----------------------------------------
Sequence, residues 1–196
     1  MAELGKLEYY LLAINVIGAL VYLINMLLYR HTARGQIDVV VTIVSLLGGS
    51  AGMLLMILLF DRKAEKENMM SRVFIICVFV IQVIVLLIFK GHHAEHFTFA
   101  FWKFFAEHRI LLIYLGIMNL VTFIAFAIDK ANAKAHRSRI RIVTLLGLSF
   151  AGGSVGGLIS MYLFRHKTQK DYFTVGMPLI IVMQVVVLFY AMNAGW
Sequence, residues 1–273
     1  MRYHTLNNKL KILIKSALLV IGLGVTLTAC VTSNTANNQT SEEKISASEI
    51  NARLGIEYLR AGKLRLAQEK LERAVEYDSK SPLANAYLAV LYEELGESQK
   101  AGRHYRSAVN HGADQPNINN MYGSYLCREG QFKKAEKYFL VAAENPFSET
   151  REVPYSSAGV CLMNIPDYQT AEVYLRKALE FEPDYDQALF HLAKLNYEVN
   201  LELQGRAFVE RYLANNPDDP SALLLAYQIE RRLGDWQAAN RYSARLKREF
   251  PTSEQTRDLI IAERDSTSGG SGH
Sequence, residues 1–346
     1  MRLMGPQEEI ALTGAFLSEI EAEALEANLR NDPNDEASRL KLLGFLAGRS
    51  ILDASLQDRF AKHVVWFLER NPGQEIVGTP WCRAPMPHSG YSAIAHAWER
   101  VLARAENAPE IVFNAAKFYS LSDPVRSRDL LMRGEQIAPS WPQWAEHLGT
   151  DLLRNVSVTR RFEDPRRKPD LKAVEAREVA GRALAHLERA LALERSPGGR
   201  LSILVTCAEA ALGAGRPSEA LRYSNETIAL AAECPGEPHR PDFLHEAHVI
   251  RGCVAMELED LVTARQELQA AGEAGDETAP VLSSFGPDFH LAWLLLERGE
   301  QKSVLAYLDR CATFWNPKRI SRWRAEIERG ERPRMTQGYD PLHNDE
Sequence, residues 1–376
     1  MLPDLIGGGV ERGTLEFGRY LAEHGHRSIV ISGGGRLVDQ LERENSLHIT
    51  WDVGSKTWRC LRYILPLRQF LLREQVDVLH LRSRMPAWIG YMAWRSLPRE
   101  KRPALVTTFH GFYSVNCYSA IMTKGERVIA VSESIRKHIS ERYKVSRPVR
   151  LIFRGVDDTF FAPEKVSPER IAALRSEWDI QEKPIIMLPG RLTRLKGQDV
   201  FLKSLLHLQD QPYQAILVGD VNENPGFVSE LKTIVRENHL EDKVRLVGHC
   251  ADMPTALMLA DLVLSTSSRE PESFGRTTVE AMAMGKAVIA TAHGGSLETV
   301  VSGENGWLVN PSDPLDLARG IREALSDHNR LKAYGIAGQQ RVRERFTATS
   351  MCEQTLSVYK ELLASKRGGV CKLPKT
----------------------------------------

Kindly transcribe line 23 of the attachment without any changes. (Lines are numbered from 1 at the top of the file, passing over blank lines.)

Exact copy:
    51  WDVGSKTWRC LRYILPLRQF LLREQVDVLH LRSRMPAWIG YMAWRSLPRE